Often a competitive squad will be created to compete after football season. The season for the Competition Squads extends into January for younger squads and March for older squads. Competition squads will usually compete at 2 - 6 competitions during the season depending on age and skill level.  The commitment level for one of the competing squads is very high. The routines designed for these squads are difficult and a child will fall behind if he/she misses practices. Therefore cheerleading must be made a priority. Most children on these squads find it hard to participate in another sport during the season.


Squad assignments

Squad assignments are usually made first based on grade and secondly based on age. Squad assignments for competition squads are made based on league age requirements, skill and experience.  Evaluations are normally held in mid-June for competition squads.   These evaluations are used for placement on a competition squad. No evaluations are necessary for football cheer squads.   Those with some cheerleading or gymnastics experience will have an easier time at evaluations for a competition squad. 


For recreational squads you can expect to pay about $350 - $400 per cheerleader. This would include registration fees and a uniform costs.  Additional costs will be incurred for a competition team: travel, accommodations, food and competition fees.

High School Cheerleading

Cheering at games is different at every high school, but  most squads will definitely cheer for football and basketball.  Recently they are beginning to make appearances at baseball games, soccer games, volleyball games, and wrestling matches. There will also be pep rallies, homecoming, and spirit days that the squad will organize and  the student body will participate in.


Many high schools require two-a-day practices starting two weeks before school starts and three to five practices a week during the school year.  Cheer practice can be right after school or in the evening, depending on the coach, and it will last a few hours.

You also find that your school requires a summer camp.  Camp is a great way to get the new squad to bond as well as spend quality time learning cheers, dances, and stunts. Camp usually lasts about three to five days and is from morning til evening. Camp can either be held at your own school for just your squad with their coaches or the team may travel to a local college or university where you sleep in a dorm and interact with other teams.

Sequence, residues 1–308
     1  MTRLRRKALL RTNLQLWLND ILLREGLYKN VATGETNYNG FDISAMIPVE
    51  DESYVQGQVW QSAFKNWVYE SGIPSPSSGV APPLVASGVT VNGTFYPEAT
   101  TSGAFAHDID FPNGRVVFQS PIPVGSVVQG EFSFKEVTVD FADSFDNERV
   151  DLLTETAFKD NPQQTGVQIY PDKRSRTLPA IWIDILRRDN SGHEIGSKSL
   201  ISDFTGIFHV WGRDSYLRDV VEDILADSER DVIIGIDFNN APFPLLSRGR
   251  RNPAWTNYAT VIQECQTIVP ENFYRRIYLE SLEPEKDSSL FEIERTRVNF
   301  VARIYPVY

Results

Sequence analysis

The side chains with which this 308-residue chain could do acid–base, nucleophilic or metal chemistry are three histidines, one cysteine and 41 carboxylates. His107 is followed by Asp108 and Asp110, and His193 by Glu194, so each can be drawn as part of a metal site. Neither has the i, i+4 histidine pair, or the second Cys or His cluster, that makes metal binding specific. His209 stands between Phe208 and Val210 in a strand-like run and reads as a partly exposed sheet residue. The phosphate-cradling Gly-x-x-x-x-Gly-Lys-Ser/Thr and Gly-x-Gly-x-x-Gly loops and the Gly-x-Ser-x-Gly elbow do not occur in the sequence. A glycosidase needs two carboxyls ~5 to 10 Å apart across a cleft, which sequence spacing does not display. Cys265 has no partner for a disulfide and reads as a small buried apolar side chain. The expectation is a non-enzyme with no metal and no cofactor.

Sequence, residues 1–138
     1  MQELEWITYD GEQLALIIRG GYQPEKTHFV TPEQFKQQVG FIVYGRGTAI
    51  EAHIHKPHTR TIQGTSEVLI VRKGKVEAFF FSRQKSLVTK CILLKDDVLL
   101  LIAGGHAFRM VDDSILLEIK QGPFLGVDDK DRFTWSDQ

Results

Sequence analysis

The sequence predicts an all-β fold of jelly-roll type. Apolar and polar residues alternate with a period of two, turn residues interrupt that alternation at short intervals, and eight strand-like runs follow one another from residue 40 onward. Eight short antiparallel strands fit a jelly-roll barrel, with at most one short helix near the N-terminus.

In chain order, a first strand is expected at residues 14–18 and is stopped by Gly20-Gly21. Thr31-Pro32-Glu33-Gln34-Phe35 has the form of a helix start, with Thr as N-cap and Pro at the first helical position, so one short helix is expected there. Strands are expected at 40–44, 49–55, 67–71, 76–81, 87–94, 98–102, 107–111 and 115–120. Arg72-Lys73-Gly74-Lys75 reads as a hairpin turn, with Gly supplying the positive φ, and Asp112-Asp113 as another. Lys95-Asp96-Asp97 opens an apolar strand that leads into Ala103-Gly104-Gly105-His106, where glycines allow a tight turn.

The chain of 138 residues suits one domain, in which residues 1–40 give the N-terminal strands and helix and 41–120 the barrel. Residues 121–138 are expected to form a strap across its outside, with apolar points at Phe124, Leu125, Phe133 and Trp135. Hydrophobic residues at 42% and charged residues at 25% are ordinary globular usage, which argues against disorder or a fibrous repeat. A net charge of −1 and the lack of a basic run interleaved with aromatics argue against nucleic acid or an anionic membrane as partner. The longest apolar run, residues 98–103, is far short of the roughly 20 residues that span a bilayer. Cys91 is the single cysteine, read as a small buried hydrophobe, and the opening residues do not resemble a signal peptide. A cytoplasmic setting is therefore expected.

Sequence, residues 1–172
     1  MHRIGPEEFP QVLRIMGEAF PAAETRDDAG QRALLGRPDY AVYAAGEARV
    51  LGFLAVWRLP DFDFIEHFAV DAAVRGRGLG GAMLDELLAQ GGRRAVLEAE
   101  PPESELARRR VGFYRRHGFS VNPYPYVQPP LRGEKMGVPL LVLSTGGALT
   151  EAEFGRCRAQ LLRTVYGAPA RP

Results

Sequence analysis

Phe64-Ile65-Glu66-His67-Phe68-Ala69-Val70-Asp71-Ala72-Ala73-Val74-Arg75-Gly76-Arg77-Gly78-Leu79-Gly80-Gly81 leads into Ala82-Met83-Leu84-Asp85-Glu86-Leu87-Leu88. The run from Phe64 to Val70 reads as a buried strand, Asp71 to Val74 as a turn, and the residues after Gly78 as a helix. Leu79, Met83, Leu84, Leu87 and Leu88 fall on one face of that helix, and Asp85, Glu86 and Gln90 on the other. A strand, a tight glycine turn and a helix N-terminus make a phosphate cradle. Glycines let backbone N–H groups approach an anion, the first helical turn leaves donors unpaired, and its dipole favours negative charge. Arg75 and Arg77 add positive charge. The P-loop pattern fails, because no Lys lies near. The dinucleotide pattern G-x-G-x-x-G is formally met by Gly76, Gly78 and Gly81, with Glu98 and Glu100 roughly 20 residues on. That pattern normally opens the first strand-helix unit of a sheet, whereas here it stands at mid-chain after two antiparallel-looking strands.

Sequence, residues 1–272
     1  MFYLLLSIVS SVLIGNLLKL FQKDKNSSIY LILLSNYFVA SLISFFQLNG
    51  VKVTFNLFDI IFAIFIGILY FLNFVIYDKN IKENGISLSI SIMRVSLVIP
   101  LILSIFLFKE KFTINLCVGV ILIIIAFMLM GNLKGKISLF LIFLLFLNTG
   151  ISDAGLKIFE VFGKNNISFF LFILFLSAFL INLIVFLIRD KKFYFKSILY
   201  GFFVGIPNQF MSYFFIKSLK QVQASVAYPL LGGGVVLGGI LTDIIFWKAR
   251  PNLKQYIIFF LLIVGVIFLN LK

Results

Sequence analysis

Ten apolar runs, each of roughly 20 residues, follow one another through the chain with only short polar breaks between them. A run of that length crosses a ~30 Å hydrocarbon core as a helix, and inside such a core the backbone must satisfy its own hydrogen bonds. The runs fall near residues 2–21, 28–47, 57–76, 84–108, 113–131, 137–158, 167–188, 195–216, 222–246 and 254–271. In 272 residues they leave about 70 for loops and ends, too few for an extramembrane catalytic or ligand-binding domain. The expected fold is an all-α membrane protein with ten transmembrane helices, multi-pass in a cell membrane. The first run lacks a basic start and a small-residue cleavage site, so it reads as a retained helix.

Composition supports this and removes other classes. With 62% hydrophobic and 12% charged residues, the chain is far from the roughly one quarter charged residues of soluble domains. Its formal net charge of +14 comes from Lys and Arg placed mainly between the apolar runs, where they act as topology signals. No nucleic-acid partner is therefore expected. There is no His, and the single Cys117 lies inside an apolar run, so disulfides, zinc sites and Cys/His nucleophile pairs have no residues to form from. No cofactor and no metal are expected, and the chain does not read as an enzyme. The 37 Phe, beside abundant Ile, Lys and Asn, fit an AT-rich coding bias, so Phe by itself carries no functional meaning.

Tryouts are required for high school teams.  They are normally scheduled anytime from late winter to early spring.  All tryouts vary slightly at each school but normally it will last an entire week.  It usually starts off with a clinic to learn specific skills like a cheer, dance, sideline, or stunt.  Each day until the day of tryouts, you will practice the moves.  The day of tryouts you should dress neatly with your hair pulled up, no jewelry and enter with confidence.  You will be asked to perform in a group of three or four in front of the panel of judges.  Areas that you will normally be judged on include:

  • Jumps: height, athleticism, technique

  • Cheer: attitude, arm motions, voice, smile, enthusiasm, spirit

  • Dance: showmanship, coordination, rhythm, eye contact

  • Tumbling: cartwheels, backhand springs, round-offs

Results will be announced or posted once tryouts are complete.




Basic registration fees run around $75 - $175 per cheerleader.   In addition, you will have uniform costs.  This will run between $300- $400.  Some schools have swap shops where the cheerleaders have the opportunity to buy and sell their old gear prior to purchasing new apparel.  This helps defray the cost for both new and existing cheerleaders.  Summer camp can cost between $200 -$250. If a competition squad is formed, cheerleaders have the option of cheering for competition.  Extra  fees will be required of competition squad members that will include travel, accommodations, food and competition fees.  Depending on the number of competitions that the team enters and where they are located this could add $500 - $1000 to the cost.